"Upon Julia's Clothes" is, for the most part, written in a meter called iambic tetrameter, and it's a meter Herrick used quite a bit in his poetry. Each line consists of four (tetra-) iambs (a unit that contains an unstressed syllable followed by a stressed syllable). Don't sweat, stalwart Shmoopers, we'll break it down.
As an example, take line 3:
That liquefaction of her clothes
In short, we've got four stressed syllables in the line, each of which is preceded by an unstressed syllable. So the line goes a little something like this (ahem): da-DUM da-DUM da-DUM da-DUM. (Applause. Applause.)
Okay, we've got that down, right? Not so fast. Although iambic tetrameter is the dominant meter in the poem, most of the lines contain examples of other types of beats, just to throw us for a loop every once in a while.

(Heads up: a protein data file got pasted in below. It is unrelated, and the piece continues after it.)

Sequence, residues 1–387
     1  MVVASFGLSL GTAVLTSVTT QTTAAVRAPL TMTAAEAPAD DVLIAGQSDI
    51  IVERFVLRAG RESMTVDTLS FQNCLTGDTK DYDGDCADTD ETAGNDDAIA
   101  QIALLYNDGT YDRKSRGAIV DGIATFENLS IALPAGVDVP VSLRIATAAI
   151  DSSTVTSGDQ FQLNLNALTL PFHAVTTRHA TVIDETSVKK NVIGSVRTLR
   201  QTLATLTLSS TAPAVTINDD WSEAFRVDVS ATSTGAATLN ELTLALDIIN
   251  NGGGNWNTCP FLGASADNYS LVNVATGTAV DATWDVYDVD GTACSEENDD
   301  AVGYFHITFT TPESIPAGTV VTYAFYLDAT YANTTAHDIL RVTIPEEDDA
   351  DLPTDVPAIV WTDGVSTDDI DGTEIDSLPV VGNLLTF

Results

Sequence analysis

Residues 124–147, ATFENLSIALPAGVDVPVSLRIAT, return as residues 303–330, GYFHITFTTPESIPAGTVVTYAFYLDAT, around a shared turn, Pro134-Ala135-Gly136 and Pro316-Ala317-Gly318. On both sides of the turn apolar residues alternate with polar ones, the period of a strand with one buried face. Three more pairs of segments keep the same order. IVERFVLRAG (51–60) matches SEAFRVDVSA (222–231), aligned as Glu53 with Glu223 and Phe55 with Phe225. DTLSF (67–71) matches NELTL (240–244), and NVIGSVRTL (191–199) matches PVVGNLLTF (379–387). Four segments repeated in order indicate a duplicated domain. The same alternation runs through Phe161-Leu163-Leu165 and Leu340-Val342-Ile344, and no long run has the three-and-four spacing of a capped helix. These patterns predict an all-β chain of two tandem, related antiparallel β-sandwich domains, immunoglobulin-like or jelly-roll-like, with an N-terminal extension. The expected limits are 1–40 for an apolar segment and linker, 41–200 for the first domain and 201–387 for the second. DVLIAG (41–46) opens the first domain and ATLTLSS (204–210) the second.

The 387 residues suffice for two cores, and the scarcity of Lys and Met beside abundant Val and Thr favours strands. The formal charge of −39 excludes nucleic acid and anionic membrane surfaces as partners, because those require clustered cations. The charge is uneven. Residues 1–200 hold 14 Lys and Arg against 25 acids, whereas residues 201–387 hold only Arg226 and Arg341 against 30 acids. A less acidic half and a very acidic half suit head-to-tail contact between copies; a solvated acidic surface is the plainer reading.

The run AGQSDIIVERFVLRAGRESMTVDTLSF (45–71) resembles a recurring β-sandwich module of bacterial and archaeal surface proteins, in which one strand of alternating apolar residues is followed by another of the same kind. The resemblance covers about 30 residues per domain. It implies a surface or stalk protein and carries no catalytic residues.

So, for example, the first foot of line 2 contains two stressed syllables (called a spondee) before resorting to iambs the rest of the way:
Then, then methinks how sweetly flows.
The most interesting metrical variation (when the poet switches up the poem's structure) in the poem, however, occurs in the last line: O how that glittering taketh me!
The first foot is a trochee (DA-dum), the second an iamb (da-DUM), but the third foot is something called an anapest (da-da-DUM). The use of an anapest makes the word and the line "glitter" or twinkle in a rather charming way. That little extra syllable adds a little extra sparkle. We told you Herrick had style!